Research has shown that Latino immigrants in the U.S. are over-represented when it comes to heat-related work hazards. Undocumented immigrants are especially vulnerable. Various construction associations and companies have for years provided guidance on heat. But partly out of concern about the extreme swings in weather blamed on climate change, new heat-related standards are in the works, too. 

Four states—California, Minnesota, Oregon and Washington—already have heat standards in place for employers. They address hydration, shade, breaks, training and medical response plans. And Maryland and Nevada now require officials in their respective states to create their own workplace heat rules. 

California's all-industry standard, however, "is cumbersome, confusing and ineffective," the construction council wrote. Any standard on heat, it argued, should address individual industries based on their distinct characteristics.

The National Safety Council, in its response to the request for comments, noted that some of its members have acclimatization plans for new employees and for existing employees when seasons and weather changes. Acclimatization is partly based on the idea that an 80°F heat wave in Alaska could impact workers there more than a 99°F day in Arizona.

Other suggestions may be more than construction employer groups are willing to endorse. Melvin B. Dolobah, a Houston-based safety consultant, recommended heat safety plans that included having a heat safety representative or EMT on premises and stop-work authority for staff who consider a company's heat policies to be violated.

The American Road & Transportation Builders Association argued that there was already proactive industry guidance covering heat and as far as it is concerned, the current impact of heat exposure on transportation construction workers is "minimal."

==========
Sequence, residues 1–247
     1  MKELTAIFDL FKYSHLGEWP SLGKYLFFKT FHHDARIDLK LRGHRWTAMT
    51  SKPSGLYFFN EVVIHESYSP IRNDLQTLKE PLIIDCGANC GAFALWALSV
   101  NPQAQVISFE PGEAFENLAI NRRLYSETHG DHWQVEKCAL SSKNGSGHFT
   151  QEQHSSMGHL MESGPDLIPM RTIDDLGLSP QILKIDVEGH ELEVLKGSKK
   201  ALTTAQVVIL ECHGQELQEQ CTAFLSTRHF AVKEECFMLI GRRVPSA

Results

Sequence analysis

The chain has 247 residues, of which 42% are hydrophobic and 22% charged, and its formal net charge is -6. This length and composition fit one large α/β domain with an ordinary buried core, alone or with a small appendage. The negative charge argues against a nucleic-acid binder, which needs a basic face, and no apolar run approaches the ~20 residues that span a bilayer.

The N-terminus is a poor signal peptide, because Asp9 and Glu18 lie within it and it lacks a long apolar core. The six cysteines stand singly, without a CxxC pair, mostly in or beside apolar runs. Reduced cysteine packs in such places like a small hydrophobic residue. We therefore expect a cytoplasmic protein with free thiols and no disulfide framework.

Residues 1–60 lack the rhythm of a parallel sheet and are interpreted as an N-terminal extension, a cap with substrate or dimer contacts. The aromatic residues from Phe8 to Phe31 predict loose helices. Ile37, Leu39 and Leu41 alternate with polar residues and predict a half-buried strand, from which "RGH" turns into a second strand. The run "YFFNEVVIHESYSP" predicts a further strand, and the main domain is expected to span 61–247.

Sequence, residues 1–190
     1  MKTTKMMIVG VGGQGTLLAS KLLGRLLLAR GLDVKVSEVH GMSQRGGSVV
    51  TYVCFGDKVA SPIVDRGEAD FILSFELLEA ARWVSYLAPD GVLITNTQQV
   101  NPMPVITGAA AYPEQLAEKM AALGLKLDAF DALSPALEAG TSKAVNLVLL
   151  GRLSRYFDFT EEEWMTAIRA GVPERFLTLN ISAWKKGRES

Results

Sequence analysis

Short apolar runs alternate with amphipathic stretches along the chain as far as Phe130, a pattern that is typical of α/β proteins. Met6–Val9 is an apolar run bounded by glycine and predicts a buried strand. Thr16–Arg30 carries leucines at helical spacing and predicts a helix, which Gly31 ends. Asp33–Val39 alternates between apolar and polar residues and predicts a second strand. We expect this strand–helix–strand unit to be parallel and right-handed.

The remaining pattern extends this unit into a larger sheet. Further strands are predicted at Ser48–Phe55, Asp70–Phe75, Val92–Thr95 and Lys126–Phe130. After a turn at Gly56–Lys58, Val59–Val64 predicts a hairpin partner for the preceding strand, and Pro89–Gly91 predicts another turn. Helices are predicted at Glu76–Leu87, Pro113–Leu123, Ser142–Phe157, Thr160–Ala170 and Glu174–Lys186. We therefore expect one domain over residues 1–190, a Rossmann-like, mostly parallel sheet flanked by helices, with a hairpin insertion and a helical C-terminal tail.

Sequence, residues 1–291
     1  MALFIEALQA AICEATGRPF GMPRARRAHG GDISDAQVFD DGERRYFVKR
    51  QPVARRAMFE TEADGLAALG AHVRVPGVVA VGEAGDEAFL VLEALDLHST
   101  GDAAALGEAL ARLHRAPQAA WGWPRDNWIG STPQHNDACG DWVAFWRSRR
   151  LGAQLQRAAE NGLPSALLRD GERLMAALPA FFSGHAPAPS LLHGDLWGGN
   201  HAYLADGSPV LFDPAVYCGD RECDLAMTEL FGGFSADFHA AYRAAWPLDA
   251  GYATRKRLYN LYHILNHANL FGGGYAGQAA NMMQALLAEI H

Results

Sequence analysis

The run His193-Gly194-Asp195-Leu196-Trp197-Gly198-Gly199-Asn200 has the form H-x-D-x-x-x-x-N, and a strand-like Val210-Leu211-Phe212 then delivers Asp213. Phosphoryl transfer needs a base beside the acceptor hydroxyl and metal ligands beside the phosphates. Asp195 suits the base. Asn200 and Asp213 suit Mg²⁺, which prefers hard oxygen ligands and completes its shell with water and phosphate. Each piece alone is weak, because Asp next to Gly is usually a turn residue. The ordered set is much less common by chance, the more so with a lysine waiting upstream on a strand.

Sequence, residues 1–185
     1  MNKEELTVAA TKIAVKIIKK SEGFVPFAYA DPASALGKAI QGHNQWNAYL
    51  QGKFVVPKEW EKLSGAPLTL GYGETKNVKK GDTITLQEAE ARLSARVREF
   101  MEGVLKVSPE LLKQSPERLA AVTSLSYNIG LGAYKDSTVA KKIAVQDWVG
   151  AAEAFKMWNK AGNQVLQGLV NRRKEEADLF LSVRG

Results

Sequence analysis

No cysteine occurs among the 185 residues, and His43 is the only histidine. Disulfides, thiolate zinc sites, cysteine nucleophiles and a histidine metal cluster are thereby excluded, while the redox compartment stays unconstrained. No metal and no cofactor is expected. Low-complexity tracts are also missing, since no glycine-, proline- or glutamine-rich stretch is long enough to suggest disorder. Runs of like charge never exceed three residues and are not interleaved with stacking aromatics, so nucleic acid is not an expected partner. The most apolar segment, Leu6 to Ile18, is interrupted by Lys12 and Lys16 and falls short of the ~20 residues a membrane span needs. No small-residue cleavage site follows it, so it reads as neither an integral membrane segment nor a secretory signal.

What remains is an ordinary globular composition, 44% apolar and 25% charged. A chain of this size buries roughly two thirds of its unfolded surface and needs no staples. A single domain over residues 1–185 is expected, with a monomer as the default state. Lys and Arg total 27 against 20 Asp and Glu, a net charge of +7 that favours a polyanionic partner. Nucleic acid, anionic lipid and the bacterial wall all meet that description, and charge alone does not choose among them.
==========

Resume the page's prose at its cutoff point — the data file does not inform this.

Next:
CEO David Bauer said that Labor Dept. data show that during 2011-2020, environmental heat caused just three deaths and comparatively few lost work days.

'While any fatalities on the jobsite are most unfortunate and tragic,' and the BLS number 'could be slightly understated due to reporting omissions, the number of occurrences is still relatively low.'
David Bauer, CEO, American Road & Transportation Builders Association

"While any fatalities on the jobsite are most unfortunate and tragic, and the [Bureau of Labor Statistics] number could be slightly understated due to reporting omissions, the number of occurrences is still relatively low," he said.

Meanwhile, the heat waves keep rolling in every summer and scientists say climate change means there is worse still to come.

Barber's employer told local television station WHAM that in addition to having access to shade and water, the employee had received around 14 hours of training in two different courses.

OSHA disagreed. Its investigation into Barber's death found he had been working alone without shade or water and was not acclimated to the heat. OSHA proposed a penalty of $7,557. 

On the one-year anniversary of Barber's death on July 7, 2020, OSHA officials used the occasion to call on employers to protect workers from heat hazards. Speaking in Buffalo, N.Y., OSHA Area Director Michael Scime said in a statement that the hazards employers are responsible for include "extreme heat." 

James and Kathy Barber, Timothy's parents, joined in the occasion, saying that "no family should have to suffer a loss that is completely preventable."

The initial comment period for a new heat standard is now closed and there is no set schedule for when a draft standard will be unveiled.